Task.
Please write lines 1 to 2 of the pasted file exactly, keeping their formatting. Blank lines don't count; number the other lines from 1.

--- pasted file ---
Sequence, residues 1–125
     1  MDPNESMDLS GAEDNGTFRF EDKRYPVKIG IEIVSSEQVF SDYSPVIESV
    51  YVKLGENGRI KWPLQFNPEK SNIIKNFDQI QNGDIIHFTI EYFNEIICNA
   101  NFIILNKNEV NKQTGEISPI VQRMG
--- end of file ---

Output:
Sequence, residues 1–125
     1  MDPNESMDLS GAEDNGTFRF EDKRYPVKIG IEIVSSEQVF SDYSPVIESV